All posts by Tykah Echols

About Tykah Echols

Tykah is the daughter of a New Church minister and has been learning about the church since infancy. She attended both the Bryn Athyn Elementary schools and the Academy of the New Church. She is now a student at Bryn Athyn college where she hopes to continue learning about the religion she was born into. She knows that there is much more for her to learn about the Lord, his teachings and herself.

What A Dirty Joke

​For lots of people, dirty, off-color, vulgar, crude or inappropriate humor has no place in entertainment, social interactions or any part of day to day life. The only trouble is that humor and laughter play almost as important a role in human life as sex and sexuality, which tend to be the subject of such “lowbrow” humor.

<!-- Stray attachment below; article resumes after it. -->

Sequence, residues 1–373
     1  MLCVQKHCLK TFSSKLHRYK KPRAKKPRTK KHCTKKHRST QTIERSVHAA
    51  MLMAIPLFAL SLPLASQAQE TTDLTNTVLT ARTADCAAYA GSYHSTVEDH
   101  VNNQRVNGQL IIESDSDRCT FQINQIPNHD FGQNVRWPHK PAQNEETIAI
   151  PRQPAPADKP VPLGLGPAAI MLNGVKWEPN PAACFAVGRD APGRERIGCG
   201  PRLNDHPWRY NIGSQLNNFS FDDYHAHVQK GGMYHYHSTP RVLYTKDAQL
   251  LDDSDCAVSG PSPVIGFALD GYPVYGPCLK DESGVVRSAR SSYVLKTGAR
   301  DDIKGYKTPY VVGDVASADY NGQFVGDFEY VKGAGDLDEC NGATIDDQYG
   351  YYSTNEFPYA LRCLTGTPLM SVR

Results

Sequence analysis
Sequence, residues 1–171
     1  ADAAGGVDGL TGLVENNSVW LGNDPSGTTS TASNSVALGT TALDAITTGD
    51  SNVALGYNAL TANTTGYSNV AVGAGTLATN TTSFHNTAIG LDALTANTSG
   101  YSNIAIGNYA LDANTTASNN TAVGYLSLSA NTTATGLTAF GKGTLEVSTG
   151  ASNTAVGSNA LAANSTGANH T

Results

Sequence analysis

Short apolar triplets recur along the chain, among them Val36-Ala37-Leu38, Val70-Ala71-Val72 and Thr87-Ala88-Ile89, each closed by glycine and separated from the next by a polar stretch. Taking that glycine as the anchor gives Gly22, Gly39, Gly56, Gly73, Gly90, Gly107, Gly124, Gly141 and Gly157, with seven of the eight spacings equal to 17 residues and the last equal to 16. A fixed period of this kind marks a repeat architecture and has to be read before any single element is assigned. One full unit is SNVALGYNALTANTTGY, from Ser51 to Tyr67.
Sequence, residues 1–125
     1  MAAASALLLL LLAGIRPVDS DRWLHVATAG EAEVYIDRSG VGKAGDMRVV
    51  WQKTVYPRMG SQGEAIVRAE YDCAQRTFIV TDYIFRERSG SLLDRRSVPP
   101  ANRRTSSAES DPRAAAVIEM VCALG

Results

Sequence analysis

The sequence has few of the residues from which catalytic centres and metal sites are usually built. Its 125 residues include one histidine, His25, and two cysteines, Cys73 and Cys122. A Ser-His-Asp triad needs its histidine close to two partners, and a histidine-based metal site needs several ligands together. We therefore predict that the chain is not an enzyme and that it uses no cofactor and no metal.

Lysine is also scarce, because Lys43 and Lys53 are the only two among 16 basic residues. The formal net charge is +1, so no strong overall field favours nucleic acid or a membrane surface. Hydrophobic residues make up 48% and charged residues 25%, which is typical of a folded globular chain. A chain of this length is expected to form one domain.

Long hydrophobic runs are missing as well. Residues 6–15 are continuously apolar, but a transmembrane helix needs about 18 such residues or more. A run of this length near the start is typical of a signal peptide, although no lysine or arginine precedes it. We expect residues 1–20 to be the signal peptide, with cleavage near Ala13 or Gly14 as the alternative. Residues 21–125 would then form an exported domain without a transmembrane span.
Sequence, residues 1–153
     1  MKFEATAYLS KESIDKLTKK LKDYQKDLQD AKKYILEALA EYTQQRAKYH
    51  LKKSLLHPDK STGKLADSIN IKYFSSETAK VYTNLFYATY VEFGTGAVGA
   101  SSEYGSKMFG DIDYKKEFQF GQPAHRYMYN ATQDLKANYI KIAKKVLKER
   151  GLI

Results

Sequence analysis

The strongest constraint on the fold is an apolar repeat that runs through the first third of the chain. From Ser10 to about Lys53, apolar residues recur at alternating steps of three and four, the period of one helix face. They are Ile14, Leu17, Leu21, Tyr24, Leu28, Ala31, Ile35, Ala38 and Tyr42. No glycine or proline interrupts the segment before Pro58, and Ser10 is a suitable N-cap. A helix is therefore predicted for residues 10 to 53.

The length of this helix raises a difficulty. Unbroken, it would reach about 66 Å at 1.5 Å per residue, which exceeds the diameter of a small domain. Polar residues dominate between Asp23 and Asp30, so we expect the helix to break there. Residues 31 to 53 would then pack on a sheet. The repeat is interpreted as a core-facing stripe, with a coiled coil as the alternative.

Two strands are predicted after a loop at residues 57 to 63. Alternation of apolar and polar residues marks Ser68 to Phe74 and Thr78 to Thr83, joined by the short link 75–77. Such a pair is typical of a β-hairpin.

Swedenborg explains why laughter is important based on its correspondential meaning. In the context of the biblical story of Sarah laughing at the announcement that she would have a child in her old age, Swedenborg explains that laughter represents affection for truth or inversely falsity (Gen. 18:12, Arcana Coelestia 2072). Within the context of that story, Sarah’s laughter is a response to the contradiction between the truth of her old age and the promise that she would bare a child. Humor often comes from a place of trying to rationalize the information we take in from the world around us. Laughter can spring up whether we see an inconsistency or when we see something that perfectly represents our experience. Humor is funny that way. Continue reading What A Dirty Joke